By Ionut Ilascu of Bleeping Computer
Experienced fraudsters made off with $15 million from a U.S. company after carefully running an email compromise that took about two months to complete.
The cybercriminal executed their plan with surgical precision after gaining access to email conversations about a commercial transaction. They inserted themselves in the exchange to divert the payment and were able to keep the theft hidden long enough to get the money.
Although researchers investigated events at a single victim, they found clues indicating that dozens of businesses in construction, retail, finance, and legal sectors are on their list of targets.
Phase 1 – man in the email
After the actor decided on a target, they spent about two weeks trying to access email accounts. Once in, they devoted another week collecting information from the victim’s mailbox and identifying an opportunity.
Ariel Parnes, Chief Engineering Officer at Mitiga, the company investigating the incident told BleepingComputer that their researchers did not find malware on the victim systems, pointing to email login compromise.
Email access was not enough, though, Parnes told us. Since the actor could lose that at any moment, they created email forwarding rules to get the messages from the monitored email inbox.
By also using the Microsoft Office 365 email service for domains impersonating the two parties involved in the transaction, the cybercriminals would be able to continue the attack.
Mitiga says that the threat actor delivered emails using an Office 365 account to reduce suspicion and evade detection. They also registered domains via a GoDaddy registrar (Wild West Domains) that were similar to those used by legitimate businesses (many of them in the U.S.).
These details allowed Mitiga to establish a pattern and discover more than 150 of these rogue domains, revealing the larger activity of the cybercriminal group.
For four weeks, the attacker carefully progressed with their plan using information gathered from the compromised inboxes of senior executives. They took over the conversation using the fake domains at the opportune moment to provide altered details for the money transfer.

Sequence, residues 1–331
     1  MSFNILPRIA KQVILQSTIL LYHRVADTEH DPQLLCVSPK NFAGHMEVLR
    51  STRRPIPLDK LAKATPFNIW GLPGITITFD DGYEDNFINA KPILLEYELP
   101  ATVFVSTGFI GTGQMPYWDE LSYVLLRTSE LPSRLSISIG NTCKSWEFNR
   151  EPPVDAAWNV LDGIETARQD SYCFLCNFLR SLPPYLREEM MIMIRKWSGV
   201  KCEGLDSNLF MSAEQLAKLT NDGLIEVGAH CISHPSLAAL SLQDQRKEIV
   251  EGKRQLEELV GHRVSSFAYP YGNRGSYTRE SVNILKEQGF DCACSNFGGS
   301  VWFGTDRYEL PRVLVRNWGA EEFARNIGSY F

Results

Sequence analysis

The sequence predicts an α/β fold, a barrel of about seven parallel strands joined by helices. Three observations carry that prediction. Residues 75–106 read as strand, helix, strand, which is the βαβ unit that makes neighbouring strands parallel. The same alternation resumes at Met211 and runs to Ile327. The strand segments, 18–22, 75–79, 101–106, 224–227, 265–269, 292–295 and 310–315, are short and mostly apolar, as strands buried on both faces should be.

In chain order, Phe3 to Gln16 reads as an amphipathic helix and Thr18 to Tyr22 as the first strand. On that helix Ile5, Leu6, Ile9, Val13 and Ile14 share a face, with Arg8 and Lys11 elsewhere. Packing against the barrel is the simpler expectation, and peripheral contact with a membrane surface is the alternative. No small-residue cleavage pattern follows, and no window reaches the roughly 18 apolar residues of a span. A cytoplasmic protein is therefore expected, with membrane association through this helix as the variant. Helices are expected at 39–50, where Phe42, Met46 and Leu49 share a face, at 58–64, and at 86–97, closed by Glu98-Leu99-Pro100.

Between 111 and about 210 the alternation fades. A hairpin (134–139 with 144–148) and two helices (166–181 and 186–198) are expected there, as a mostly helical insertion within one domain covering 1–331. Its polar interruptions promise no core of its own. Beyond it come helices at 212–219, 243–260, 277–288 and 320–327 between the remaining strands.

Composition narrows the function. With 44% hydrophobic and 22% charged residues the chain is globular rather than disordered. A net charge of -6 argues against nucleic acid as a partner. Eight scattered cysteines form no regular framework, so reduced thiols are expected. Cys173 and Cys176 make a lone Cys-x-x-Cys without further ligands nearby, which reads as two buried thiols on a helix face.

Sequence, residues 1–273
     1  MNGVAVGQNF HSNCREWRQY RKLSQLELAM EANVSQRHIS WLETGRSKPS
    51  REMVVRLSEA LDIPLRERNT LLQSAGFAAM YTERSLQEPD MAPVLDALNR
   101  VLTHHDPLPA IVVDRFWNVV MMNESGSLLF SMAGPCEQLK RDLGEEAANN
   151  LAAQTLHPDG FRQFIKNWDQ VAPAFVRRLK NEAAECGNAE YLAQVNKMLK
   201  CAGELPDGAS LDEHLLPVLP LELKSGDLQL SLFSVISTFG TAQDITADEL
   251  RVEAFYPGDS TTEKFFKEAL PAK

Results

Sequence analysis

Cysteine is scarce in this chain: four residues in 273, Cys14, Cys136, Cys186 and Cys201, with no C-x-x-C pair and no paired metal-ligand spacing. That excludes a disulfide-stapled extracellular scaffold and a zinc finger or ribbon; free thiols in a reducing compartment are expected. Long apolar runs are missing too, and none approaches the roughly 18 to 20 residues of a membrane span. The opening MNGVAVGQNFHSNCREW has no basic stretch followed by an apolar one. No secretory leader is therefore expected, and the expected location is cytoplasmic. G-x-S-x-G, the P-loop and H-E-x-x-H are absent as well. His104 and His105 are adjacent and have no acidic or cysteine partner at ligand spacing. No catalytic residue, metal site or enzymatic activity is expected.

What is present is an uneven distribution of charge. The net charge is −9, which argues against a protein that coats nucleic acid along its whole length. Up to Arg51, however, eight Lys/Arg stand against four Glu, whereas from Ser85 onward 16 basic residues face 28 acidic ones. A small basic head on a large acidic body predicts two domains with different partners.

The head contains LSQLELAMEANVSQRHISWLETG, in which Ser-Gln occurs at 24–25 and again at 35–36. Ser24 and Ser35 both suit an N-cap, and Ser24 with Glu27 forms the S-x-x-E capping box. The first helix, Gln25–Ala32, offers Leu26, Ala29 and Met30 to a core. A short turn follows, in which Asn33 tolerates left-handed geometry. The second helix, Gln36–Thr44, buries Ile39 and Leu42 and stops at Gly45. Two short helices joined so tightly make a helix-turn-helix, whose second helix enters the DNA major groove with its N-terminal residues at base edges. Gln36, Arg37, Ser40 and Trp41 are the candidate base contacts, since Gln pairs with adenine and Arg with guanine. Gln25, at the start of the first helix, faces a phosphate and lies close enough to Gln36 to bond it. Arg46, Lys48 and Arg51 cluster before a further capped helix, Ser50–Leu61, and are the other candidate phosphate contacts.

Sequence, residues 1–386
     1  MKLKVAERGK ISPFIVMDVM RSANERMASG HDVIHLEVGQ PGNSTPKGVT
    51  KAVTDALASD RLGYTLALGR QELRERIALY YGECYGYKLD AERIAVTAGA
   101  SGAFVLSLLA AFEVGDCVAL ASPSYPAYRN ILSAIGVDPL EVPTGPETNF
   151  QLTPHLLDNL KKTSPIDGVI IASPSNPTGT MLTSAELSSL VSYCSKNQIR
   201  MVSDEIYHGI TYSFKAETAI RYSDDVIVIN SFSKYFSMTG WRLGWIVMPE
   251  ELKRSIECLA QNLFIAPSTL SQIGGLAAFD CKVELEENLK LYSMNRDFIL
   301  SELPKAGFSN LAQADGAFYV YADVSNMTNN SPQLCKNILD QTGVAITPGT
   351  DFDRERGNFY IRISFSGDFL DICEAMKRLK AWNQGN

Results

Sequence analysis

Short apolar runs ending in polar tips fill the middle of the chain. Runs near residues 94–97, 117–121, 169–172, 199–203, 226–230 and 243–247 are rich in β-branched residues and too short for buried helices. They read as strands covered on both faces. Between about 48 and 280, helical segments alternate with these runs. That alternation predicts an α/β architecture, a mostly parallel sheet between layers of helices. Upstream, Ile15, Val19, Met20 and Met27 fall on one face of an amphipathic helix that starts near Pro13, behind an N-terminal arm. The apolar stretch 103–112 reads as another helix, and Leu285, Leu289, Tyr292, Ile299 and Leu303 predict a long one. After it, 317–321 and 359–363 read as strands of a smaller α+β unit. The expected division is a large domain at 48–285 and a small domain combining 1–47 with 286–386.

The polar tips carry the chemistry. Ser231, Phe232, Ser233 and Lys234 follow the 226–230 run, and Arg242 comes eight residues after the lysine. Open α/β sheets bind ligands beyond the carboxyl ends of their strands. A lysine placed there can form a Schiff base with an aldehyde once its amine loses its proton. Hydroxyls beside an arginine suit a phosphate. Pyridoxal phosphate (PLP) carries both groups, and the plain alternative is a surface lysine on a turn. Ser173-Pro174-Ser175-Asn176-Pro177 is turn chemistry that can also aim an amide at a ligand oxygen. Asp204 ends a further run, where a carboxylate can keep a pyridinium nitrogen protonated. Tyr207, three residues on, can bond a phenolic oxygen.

Phase 2 – securing the loot
It was not the end of it, though. Banks can lock a transaction when money goes to the wrong account, and the error is flagged in time. The threat actor was well aware of this detail and had prepared for this phase.
To conceal the theft until they moved the money to foreign banks and make it lost forever, the attacker used inbox filtering rules to move messages from specific email addresses to a hidden folder.
It was a move that kept the legitimate inbox owner unaware of communication about the money transfer. It lasted for about two weeks, Mitiga says, sufficient for the actor to make the $15 million disappear.
Mitiga’s role in this incident was to investigate what happened after the victim company realized that they lost the money to cybercriminals. The researchers are helping the FBI’s and the U.S. Secret Service’s efforts to track the attacker.
Organizations can strengthen their defenses against this type of attack by following a simple set of recommendations which include, among others, enabling two-factor authentication in Office 365 and preventing email forwarding to external addresses.
Additionally, MItiga recommends the following:
- Enforce Office 365 password updates
- Consider blocking email auto-forwarding to make it harder for cybercriminals to steal your information
- Search for hidden folders within inboxes
- Block legacy email protocols, such as POP, IMAP, and SMTP1, that can be used to circumvent multi-factor authentication
- Ensure changes to mailbox login and settings are logged and retained for 90 days
- Enable alerts for suspicious activity, such as foreign logins, and analyze server logs for anomalous email access
- Consider subscribing to a domain management service
- Increase awareness and review controls for wire transactions (phone authentication in addition to email, as well as verify signatures and accounts)
The article was originally published here.